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After recommending deferring some Hib doses due to a shortage of the vaccine in 2007, the CDC recorded five new cases of invasive Hib disease in Minnesota.
After recommending deferring some Hib doses due to a shortage of the vaccine in 2007, the Centers for Disease Control and Prevention (CDC) recorded five new cases of invasive Hib disease in Minnesota.
The case illustrates the unusual world of vaccines, where best practices are sometimes changed based on real-world issues such as supply. In this case, a possible contamination at a Merck facility prompted a recall of a million doses of Hib: it and Schering-Plough are the only two makers of Hib (haemophilus influenzae type b) vaccines.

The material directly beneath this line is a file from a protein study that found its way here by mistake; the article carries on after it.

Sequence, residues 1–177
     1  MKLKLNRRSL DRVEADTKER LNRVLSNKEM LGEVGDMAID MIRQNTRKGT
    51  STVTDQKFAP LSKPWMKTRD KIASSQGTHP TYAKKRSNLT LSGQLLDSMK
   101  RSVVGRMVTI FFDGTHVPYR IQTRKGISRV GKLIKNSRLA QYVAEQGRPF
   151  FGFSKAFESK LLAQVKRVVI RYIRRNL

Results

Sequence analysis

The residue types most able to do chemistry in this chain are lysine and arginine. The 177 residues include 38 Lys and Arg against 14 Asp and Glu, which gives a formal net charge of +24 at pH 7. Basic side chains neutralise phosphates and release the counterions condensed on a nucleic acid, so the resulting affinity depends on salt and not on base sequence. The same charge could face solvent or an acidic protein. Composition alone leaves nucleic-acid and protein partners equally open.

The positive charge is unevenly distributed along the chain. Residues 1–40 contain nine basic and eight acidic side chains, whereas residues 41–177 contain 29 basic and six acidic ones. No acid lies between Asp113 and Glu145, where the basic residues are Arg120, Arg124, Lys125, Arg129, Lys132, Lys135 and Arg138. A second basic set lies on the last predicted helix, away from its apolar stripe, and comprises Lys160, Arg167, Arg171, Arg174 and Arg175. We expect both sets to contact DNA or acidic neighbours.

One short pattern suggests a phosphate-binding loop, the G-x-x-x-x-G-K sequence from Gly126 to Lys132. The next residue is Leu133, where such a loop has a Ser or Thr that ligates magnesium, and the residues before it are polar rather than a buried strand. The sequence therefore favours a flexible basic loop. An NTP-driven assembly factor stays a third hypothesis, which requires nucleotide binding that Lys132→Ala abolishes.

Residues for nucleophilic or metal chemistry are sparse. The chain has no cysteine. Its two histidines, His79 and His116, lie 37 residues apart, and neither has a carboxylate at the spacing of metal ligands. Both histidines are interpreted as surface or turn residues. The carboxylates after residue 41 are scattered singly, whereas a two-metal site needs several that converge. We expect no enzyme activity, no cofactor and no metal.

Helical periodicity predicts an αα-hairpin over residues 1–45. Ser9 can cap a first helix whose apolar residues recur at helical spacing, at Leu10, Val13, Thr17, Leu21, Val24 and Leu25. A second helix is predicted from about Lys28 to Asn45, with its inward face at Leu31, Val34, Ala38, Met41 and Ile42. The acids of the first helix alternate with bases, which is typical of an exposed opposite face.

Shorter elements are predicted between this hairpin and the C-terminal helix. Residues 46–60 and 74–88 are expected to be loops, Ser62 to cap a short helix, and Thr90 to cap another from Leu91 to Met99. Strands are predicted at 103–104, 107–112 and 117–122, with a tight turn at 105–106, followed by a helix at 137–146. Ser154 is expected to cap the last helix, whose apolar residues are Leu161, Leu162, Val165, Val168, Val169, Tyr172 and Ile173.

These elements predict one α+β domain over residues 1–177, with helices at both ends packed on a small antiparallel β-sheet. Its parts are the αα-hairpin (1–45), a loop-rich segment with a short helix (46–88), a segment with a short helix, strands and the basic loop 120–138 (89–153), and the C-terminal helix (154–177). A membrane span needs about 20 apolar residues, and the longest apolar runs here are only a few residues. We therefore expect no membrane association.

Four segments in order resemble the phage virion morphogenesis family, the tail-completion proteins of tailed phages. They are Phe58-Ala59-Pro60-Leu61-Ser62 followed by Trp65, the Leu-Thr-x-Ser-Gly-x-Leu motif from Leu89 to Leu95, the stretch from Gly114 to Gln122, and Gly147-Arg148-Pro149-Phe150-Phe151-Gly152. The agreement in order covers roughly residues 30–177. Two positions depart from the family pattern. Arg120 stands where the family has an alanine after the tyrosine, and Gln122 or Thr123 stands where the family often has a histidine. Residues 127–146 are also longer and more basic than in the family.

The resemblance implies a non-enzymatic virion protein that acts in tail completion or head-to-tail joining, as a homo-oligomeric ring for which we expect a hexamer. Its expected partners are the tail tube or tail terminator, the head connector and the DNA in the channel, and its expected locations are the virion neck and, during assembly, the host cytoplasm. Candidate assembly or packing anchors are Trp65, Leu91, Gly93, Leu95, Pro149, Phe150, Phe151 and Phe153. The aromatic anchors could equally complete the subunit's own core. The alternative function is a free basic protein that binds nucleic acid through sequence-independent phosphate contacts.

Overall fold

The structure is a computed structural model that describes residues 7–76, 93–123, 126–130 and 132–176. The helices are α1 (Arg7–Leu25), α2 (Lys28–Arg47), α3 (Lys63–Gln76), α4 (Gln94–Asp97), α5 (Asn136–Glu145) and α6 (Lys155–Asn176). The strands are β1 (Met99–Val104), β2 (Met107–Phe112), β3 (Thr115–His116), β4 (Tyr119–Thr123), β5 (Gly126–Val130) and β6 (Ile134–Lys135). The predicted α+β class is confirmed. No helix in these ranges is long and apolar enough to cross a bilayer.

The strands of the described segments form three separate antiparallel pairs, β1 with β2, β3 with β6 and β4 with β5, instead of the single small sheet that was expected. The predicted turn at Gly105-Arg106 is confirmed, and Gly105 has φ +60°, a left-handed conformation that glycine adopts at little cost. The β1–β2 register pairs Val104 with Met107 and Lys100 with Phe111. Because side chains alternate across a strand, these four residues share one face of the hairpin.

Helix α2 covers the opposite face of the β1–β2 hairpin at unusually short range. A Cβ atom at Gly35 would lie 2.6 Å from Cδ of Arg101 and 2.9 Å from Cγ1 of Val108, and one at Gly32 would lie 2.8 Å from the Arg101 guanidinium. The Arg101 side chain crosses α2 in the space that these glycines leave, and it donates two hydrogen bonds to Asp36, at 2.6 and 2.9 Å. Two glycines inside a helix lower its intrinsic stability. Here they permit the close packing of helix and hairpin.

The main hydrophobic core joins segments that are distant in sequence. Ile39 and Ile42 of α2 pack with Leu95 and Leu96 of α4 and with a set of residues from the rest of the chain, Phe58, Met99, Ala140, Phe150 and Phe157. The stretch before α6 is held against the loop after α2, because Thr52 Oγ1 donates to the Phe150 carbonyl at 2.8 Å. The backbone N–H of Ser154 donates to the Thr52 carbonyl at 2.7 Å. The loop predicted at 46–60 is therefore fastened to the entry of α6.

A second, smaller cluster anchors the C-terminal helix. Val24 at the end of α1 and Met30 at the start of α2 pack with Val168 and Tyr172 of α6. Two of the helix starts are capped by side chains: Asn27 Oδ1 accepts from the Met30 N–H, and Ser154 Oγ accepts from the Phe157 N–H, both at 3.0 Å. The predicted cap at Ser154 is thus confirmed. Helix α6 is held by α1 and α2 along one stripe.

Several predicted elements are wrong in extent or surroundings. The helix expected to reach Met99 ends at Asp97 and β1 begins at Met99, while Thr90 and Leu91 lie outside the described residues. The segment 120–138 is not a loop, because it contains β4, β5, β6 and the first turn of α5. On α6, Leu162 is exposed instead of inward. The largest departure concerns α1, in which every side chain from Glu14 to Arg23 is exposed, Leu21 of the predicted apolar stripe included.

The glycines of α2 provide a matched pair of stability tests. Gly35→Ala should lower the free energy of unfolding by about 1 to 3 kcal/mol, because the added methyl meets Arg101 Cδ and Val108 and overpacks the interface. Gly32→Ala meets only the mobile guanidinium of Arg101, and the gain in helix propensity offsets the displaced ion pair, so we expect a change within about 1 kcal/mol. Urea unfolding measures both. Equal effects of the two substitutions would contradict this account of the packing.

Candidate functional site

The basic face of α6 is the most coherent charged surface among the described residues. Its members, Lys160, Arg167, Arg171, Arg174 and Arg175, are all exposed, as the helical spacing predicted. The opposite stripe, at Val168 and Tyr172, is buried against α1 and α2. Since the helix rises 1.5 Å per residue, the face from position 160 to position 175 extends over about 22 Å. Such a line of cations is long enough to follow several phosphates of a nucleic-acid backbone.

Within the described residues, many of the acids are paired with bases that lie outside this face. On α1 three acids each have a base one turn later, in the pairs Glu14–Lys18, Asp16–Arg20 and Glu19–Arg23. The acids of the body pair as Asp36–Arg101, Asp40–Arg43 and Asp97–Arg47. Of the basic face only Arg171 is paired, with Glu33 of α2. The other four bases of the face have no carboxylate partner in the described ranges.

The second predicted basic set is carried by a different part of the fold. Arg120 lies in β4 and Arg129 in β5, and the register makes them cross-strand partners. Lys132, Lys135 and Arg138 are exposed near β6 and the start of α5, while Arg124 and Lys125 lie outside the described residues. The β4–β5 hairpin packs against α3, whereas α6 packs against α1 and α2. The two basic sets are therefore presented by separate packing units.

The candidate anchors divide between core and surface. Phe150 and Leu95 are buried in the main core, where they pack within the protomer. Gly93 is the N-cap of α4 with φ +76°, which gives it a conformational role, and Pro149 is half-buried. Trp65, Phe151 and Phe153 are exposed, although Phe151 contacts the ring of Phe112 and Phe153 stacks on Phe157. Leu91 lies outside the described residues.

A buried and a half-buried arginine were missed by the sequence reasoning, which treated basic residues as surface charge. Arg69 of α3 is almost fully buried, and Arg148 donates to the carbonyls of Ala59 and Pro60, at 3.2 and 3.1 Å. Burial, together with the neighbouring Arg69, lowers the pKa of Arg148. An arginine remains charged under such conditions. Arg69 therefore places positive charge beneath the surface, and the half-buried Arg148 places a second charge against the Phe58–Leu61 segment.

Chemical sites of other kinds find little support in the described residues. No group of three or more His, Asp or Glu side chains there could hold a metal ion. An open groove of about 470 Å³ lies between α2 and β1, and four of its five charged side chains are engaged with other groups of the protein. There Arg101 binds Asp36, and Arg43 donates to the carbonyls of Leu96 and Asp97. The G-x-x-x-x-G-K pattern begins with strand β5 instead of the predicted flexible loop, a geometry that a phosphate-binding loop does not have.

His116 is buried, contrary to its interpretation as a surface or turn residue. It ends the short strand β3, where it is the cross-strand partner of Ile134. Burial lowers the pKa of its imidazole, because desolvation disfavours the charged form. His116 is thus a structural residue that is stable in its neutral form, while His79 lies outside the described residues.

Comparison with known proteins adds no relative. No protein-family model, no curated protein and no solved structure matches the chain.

After the recall, CDC halted its recommendation for a booster shot of the Hib vaccine at 12 to 15 months. It wanted there to be enough Hib vaccine for the more important 2-, 4- and 6-month vaccine series.
One of the five Minnesota children who caught Hib died from meningitis. Most had not been immunized at all, or received partial immunizations. The risk of loss of herd immunity spurred CDC to stress the importance of the initial three shots. When vaccine supply is more robust, it will presumably re-recommend the 12- to 15-month follow-up shot as well.